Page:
We have submitted our response to the White Paper Consultation based on the discussion held at the “Planning for the Future - what does this mean for affordable housing” webinar we held on Fri 9 Oct
Cervical cancer is the most common type of cancer affecting women under the age of 35 in the UK. This week is Cervical Cancer Prevention Week.
What is cervical cancer?
Cervical cancer occurs when abnormal, pre-cancerous cells of the cervix (the entrance to the womb at the top of the vagina) start multiplying in an uncontrolled, haphazard way. In the pre-cancerous stage, abnormal cells cannot spread beyond the cervix, but once the disease progresses to cancer, it can move to other parts of the body.
In 2015, over 3,100 women were diagnosed with cervical cancer. Approximately 870 females die of the disease per year.
Girls aged 12-13 are now routinely offered vaccination against the very common HPV (human papilloma group of viruses), and it is known that this vaccine can prevent more than 70% of cervical cancers. You can read more about cervical cancer on the Macmillan Cancer Support website.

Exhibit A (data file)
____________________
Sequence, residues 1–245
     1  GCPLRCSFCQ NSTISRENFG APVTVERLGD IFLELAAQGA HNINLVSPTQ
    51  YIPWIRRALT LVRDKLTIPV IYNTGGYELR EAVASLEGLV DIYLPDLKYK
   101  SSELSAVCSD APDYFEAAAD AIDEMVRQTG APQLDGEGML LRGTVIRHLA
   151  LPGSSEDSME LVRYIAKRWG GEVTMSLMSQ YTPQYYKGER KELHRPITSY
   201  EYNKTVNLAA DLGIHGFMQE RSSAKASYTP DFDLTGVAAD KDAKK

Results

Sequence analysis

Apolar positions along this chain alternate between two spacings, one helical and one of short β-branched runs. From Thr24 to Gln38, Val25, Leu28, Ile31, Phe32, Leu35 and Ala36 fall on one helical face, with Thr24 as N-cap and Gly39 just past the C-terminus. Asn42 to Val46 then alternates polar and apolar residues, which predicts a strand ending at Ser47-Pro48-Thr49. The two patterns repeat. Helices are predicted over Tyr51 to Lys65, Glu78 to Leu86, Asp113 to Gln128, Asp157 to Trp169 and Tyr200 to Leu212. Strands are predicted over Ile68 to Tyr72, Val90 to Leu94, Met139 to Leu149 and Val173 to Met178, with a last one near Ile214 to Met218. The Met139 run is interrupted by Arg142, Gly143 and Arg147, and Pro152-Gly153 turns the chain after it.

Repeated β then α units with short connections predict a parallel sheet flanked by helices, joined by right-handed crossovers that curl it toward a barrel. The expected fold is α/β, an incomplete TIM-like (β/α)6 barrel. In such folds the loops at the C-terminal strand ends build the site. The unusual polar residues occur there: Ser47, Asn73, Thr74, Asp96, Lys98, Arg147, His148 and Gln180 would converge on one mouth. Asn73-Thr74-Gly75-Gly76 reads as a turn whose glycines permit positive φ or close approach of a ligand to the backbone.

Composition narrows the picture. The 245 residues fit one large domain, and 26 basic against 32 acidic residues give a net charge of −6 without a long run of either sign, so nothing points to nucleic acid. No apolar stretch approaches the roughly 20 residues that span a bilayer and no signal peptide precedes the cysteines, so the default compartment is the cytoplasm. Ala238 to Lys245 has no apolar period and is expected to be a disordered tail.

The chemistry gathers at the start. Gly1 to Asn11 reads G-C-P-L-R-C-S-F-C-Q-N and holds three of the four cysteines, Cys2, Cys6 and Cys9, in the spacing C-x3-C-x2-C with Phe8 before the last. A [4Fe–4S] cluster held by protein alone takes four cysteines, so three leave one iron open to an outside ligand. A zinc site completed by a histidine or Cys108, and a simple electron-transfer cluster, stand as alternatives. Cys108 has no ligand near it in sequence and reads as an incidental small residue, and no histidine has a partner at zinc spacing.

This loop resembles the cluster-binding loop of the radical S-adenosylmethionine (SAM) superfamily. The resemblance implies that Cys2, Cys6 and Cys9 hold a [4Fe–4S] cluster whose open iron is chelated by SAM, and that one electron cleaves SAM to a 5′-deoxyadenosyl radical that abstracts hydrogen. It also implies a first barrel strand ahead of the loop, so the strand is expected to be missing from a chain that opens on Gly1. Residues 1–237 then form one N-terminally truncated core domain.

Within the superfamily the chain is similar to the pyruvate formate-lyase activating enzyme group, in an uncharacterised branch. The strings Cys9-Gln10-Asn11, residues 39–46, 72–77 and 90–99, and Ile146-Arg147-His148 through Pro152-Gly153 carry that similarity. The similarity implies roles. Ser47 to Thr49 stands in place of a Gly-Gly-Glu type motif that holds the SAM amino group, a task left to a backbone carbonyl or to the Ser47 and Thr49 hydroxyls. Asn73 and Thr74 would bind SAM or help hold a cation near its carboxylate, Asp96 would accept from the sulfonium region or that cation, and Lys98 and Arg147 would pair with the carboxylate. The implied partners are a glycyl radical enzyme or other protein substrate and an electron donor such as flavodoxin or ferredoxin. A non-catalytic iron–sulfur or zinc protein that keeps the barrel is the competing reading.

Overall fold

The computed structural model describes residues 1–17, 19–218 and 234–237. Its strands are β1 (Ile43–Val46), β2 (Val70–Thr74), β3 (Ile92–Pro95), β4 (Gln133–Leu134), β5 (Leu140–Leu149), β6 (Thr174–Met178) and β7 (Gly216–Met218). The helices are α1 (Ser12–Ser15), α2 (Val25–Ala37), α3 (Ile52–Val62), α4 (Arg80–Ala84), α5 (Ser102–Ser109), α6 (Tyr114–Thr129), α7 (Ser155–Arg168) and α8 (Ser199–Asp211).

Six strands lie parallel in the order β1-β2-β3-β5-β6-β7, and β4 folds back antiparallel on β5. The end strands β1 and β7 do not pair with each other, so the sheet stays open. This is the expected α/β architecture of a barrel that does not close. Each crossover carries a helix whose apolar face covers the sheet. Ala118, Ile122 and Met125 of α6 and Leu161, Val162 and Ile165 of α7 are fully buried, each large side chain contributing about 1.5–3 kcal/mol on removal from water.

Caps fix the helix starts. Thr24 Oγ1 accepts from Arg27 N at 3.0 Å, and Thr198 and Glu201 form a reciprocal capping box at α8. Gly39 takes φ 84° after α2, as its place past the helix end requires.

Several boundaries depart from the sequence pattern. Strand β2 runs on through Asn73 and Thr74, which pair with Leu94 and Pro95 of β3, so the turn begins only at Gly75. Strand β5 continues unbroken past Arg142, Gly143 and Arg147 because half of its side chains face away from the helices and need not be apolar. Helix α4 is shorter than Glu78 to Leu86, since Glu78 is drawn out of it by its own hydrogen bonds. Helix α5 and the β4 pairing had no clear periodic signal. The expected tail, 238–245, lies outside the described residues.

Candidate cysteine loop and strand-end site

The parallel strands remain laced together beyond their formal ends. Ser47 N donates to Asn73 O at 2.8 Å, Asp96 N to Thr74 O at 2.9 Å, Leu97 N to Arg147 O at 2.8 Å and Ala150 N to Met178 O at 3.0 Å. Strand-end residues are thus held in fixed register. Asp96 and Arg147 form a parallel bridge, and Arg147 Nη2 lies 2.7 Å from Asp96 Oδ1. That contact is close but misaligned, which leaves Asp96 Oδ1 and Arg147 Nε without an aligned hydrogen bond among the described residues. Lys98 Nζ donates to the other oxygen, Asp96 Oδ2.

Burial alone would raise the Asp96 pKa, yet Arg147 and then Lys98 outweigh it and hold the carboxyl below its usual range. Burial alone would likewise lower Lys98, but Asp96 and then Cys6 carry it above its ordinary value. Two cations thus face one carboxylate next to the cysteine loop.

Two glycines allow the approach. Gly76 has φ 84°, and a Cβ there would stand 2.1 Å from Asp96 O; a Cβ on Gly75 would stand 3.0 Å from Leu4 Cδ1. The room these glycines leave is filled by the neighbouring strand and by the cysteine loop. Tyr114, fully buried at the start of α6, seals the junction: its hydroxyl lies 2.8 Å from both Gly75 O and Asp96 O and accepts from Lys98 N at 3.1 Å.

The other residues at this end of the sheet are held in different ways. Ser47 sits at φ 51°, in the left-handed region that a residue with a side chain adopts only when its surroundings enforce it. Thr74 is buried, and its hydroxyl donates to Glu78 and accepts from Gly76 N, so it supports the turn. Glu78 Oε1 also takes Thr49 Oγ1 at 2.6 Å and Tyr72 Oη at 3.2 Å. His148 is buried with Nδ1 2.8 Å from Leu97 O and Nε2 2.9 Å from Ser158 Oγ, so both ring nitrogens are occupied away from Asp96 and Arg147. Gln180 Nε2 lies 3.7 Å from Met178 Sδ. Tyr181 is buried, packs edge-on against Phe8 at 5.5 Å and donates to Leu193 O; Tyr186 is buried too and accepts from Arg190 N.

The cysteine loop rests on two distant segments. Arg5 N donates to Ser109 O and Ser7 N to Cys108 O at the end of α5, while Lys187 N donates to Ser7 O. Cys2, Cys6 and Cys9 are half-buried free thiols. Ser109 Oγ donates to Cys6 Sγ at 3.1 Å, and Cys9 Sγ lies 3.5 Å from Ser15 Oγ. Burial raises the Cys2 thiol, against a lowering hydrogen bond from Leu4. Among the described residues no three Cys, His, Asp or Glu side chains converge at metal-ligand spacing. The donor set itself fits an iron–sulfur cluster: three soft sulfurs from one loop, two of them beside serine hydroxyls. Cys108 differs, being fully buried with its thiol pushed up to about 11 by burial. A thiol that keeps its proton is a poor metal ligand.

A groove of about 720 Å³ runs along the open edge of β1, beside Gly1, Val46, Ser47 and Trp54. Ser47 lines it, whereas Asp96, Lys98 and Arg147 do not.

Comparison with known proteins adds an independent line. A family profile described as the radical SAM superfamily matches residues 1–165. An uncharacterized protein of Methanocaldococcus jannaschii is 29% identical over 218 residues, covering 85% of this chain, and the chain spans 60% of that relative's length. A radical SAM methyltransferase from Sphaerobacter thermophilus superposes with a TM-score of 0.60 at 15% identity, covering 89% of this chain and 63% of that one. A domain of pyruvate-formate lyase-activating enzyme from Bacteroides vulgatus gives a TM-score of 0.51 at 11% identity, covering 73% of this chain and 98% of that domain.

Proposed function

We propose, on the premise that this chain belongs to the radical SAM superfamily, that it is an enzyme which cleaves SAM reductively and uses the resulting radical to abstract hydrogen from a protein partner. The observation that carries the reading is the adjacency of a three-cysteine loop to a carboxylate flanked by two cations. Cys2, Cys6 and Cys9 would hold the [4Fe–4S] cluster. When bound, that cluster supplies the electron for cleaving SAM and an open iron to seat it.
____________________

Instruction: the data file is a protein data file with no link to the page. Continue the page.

In an attempt to detect pre-cancerous changes early, the Cervical Screening Programme repeatedly invites women between the ages of 25 and 64 to have a 'smear test'. This test takes a sample of cells from the cervix so that they may be looked at under a microscope and assessed. More than 9 out of every 10 women having a smear test will have no abnormality detected (a 'negative' result). Over the next couple of years, the health system in England is moving towards testing for HPV first.
The Cervical Cancer Prevention Week, development of a vaccination, and screening prevention programmes are all great news for patients.
In early cervical cancer, there may be no symptoms. Women who do have symptoms typically report abnormal vaginal bleeding such as bleeding during or after sexual intercourse, 'extra' bleeding between their normal menstrual periods, or bleeding after the menopause. Additionally, odd-smelling vaginal discharge, pain in the pelvis, and pain during sex can also be signs of cervical cancer. However, it is important to note that there are other, non-cancerous causes of these symptoms too.
Diagnosis and treatment
When there is a concern that a patient's symptoms may be caused by cancer, a referral is made via a 'two-week wait' pathway so that they are seen and assessed promptly.
Treatment of cervical cancer is tailored to each woman and will depend on a number of factors; including the type of cervical cancer she has been diagnosed with, the stage or extent of the cancer, and her general health. Surgery, radiotherapy, and/or chemotherapy may be necessary. Because the cervix is part of the reproductive system, and because of the nature of the treatment delivered, there may be a lasting impact on fertility.
When things go wrong